Fruits are often problematic for people with diabetes because most raise blood sugar. Learn how pomegranates can be a juicy sweet treasure.
Diabetes Problem Foods, Pt. 4
As I was putting up the groceries from my husband’s trip to the grocery store, I noticed some red odd-shaped fruits that I initially thought were apples, a common mistaken identity. When I realized that they were pomegranates, I immediately brushed up on the health benefits of this fruit and the best way to consume it.
Several months prior, I bought a bag of frozen pomegranate arils, the closest I have come to trying pomegranates for the first time, and I was not impressed by the taste. However, I felt that I could not ignore the benefits of this wholesome fruit. It was no coincidence that the pomegranates made it into our home weeks later.
For a week, I watched my husband and son devour this fruit, yet I still did not get up enough nerves to try one. One evening after dinner, I walked in the kitchen and saw my husband cutting up the very last pomegranate that we had, and he asked: “would you like to try some?” Without thinking about my previous experience with pomegranates, I gave into my curiosity. I am so glad I did because what I found out was not only is the fruit healthy, but it is so delicious. Initially, I did spit out the seeds thinking they were too hard to chew. After doing a second search on the internet on how to enjoy wholesome fruit, I ate the whole arils. I loved feeling the explosion of the aril’s juices in my mouth, and the seeds seemed to melt right in the juices. My pomegranate experience confirmed not to judge food by its appearance, and try foods in different forms. The frozen arils may not work for me. However, eating pomegranates fresh works. You could be missing out on some potential health benefits and another food to add to your healthy living journey.
History of Pomegranates
As rich as the pomegranate is in flavor, its affluence has extended beyond cultural and religious boundaries. According to research, around 3500-2000 BC, pomegranates may be one of the first cultivated fruits. Native to Iran and Northern India, pomegranates became a well-known cultivated fruit since the early pre-Christian era. Pomegranates’ versatility traces back centuries, including during the Old Testament era in the Torah. People used pomegranates in wall art, pottery, the medical treatment of intestinal worms, as a dye, and to signify marital status and wealth. The common ground that I found across cultures and religions is that pomegranates have emotional, nutritional, and spiritual meaning. Around AD 2000, pomegranate became widely known in the United States for its health benefits, abundant taste, and versatility in the kitchen. Today, California produces 90% of this sweet tasting fruit.
Per the United Department of Agriculture (USDA), one 4” diameter pomegranate (282 grams) contains 4.71 grams of protein, 52.7 grams of carbohydrates (more than three servings of carbs), and 11.3 grams of fiber, which is almost 50% of the recommended intake of fiber on a 2000 calorie meal plan. Remember that fiber is instrumental in maintain normal gut health, cholesterol, blood pressure, and satiety. Fiber may also play a role in decreasing your risk of certain cancers. Pomegranates, like many fresh fruits and vegetables, provide a wealth of potassium (666 grams). If you eat a 4” pomegranate, then you will consume approximately 233 calories, which is something you want to be mindful of if you are watching your calories. You can always split one with someone else, as in my experience above, or cut half of the fruit and save the other half for later. Pomegranates have a higher glycemic index (67) than grapes (46); therefore, to balance your blood sugars, you may want to combine a healthy protein/fat with this fruit to help lessen the glycemic effect.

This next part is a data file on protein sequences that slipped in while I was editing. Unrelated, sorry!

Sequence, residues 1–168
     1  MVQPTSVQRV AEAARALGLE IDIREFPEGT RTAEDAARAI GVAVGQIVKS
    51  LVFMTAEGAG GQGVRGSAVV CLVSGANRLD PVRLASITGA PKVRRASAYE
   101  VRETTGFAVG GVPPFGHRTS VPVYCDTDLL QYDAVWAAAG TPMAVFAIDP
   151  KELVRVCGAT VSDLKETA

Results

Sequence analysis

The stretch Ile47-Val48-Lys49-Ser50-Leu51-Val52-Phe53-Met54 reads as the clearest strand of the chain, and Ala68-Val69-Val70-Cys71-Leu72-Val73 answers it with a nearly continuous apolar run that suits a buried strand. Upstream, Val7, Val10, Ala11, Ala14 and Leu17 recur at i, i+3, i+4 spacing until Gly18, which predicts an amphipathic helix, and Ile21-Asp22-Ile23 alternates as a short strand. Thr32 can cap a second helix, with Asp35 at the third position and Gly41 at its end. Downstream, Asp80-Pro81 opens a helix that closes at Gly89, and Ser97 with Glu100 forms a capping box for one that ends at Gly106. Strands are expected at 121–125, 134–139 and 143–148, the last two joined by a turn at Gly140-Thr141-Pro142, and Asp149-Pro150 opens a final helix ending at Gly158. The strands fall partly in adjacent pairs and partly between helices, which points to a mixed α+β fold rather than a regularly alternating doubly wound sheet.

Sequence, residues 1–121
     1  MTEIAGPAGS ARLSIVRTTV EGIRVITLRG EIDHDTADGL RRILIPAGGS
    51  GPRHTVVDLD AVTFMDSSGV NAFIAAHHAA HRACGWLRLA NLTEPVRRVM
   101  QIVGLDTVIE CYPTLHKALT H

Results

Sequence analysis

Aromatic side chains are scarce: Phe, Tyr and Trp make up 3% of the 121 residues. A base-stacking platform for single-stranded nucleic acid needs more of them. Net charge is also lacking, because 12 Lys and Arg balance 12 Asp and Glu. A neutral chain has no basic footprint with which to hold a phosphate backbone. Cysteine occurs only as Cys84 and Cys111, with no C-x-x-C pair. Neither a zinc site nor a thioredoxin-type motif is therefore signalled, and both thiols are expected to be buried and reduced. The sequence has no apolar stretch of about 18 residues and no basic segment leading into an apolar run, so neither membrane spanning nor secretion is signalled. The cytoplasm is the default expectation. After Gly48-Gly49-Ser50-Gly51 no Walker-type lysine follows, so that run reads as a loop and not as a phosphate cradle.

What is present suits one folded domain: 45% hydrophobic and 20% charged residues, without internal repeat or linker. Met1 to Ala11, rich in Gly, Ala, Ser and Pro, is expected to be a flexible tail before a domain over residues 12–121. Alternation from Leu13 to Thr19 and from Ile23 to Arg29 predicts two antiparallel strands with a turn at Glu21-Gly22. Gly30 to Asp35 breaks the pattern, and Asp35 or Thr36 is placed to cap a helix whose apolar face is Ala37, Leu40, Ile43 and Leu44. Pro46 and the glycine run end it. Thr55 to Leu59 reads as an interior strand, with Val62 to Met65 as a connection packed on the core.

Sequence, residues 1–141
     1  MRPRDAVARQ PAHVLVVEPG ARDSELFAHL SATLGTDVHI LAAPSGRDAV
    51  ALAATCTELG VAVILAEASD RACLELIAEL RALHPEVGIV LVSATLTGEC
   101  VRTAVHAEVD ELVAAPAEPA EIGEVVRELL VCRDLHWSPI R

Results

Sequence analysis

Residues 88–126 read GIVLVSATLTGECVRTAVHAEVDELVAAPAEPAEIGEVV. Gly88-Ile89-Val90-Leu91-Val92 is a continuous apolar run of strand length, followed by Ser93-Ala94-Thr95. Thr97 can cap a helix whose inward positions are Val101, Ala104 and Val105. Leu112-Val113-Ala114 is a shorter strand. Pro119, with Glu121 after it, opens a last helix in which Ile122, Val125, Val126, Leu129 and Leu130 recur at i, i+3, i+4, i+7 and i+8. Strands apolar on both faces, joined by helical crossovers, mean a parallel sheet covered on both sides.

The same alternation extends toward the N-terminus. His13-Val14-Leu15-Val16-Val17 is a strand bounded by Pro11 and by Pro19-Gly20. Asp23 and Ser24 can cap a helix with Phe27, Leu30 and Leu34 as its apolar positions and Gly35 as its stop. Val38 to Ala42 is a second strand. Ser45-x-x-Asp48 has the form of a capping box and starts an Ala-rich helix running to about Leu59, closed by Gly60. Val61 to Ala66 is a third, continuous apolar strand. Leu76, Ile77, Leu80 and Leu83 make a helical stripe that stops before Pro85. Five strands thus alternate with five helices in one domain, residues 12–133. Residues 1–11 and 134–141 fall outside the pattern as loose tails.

Pomegranates are rich in plant compounds that provide antioxidants. Antioxidants help to maintain the structure of the cells in our body; therefore, they maintain and improve their function. These plant compounds may also help with inhibiting the growth of or killing certain cancer cells, such as breast and prostate cancer cells, help with preventing and ridding of bacterial and fungal infections. Hence, pomegranates are known as a superfood and to some as the “king of fruits.” Pomegranates may help with decreasing inflammation within the body and decrease the risk of heart disease and obesity. Also, pomegranates contain nitrates, which helps blood vessels relax and may contribute to increased blood flow.
Food For Thought
Picking the right foods for your body involves flexibility, patience, and time.
How can I maximize pomegranates as fuel for my body?
Eat the fruit whole directly for great benefits. The peel or skin is thick and leathery and is not edible. Remove the membranes (white part) to enjoy the arils (seeds).
People can easily enjoy this fruit in one of two ways.
1. Suck all the juice from around the seeds and then dispose of the seed.
2. You can eat the aril and the seed. Most of the fiber is in the seed!
Preparation & Recipes
You can eat arils fresh or frozen and enjoy them as a snack, add to smoothies and yogurts, sprinkle on salads, or add as a garnish to prepared meats and pasta. Many people prefer to drink pomegranate juice; always read the labels of juices being mindful of additives such as added sugars.